Using Point Differential To Project the 2018 NBA Playoffs: Eastern Conference

(Click here for the Western Conference projections.) Roughly halfway through the 2017-18 season, we’ve seen a few surprises in the league, both good and bad. The Heat, Pistons, and Pacers have overachieved in the Eastern Conference, while Philly and Charlotte in particular have disappointed. Out West, the Thunder have fallen short of expectations, the bottom fell out on the Grizzlies, the Lakers remain a joke, and the Timberwolves find themselves on a 50-win pace by record. Part of this has been the unpredictability of any given NBA season; there are always surprises, often involving rookies who perform beyond anyone’s wildest expectations …

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Paul George: Is He Any Good?

When Paul George was a member of the Indiana Pacers, he picked up a superstar’s reputation without really putting up a superstar’s stats. This was partially attributable to the terrible team he was on; after all, Indiana without him was basically a G-League team, and PG13 was practically 2006 Kobe in terms of singlehandedly carrying a bad team to the playoffs. With no chance of signing him when his contract expires, Indiana traded him to Oklahoma City, where he has joined Russell Westbrook and Carmelo Anthony as the Big Three on a so-called superteam that really isn’t very super. Sure, …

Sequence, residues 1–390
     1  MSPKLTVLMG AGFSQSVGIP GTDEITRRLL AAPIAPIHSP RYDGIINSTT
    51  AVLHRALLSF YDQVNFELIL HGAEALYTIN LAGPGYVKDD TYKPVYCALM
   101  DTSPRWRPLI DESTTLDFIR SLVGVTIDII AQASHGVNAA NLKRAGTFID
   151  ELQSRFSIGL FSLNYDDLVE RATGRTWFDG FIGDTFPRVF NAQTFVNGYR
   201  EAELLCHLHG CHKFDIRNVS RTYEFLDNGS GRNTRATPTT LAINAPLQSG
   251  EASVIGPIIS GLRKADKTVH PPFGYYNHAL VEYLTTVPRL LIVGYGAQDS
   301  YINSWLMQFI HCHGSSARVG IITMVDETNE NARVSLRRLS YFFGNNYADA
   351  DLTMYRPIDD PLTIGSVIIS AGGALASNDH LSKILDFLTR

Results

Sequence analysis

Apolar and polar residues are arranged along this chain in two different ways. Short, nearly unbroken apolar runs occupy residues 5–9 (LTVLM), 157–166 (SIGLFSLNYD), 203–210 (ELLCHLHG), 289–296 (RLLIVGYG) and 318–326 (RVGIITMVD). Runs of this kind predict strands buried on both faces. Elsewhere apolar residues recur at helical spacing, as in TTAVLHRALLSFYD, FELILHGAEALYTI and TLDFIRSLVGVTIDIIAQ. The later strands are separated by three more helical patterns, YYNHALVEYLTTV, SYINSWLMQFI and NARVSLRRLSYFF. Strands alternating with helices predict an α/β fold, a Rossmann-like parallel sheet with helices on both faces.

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Why Are Great Rebounders On Bad Teams?

This may be a question that has an obvious answer. After all, if we ask “why are so many great rebounders on bad teams”, the knee-jerk answer is “because bad teams miss lots of shots, so there are more rebounds to be had.” Except that can’t be it…offensive rebounding percentage is at the lowest it’s been in history and it’s declining every year. The guys who lead the league are averaging a bunch of defensive rebounds. Let’s take a look at the league’s best rebounders, the teams they’re on, and try to draw a connection that ties them together. And …

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Who’s The NBA’s Second-Best Shooting Guard?